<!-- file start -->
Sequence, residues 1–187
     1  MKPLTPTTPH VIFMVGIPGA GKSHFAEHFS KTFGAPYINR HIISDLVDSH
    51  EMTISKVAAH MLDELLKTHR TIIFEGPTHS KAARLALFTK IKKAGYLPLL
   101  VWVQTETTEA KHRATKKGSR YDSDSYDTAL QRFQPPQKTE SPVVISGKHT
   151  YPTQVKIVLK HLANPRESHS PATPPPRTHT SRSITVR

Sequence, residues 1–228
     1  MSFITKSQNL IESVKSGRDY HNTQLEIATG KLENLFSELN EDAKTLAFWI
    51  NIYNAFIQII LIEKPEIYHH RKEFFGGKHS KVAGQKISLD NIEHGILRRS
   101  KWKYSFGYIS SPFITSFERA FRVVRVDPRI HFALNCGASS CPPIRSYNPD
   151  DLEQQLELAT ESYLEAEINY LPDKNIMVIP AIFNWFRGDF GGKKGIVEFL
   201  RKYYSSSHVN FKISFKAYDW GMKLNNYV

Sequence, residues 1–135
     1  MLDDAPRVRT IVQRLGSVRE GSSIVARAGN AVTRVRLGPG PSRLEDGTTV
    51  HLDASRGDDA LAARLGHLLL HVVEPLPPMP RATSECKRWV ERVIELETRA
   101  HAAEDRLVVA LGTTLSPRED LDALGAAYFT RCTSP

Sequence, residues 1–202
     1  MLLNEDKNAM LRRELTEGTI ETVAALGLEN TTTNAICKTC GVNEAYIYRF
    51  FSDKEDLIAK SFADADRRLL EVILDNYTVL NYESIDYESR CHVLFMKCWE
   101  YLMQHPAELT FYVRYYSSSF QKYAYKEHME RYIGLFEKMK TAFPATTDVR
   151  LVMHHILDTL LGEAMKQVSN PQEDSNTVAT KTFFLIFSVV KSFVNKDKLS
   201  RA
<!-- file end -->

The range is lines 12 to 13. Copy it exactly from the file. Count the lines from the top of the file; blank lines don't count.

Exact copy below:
Sequence, residues 1–135
     1  MLDDAPRVRT IVQRLGSVRE GSSIVARAGN AVTRVRLGPG PSRLEDGTTV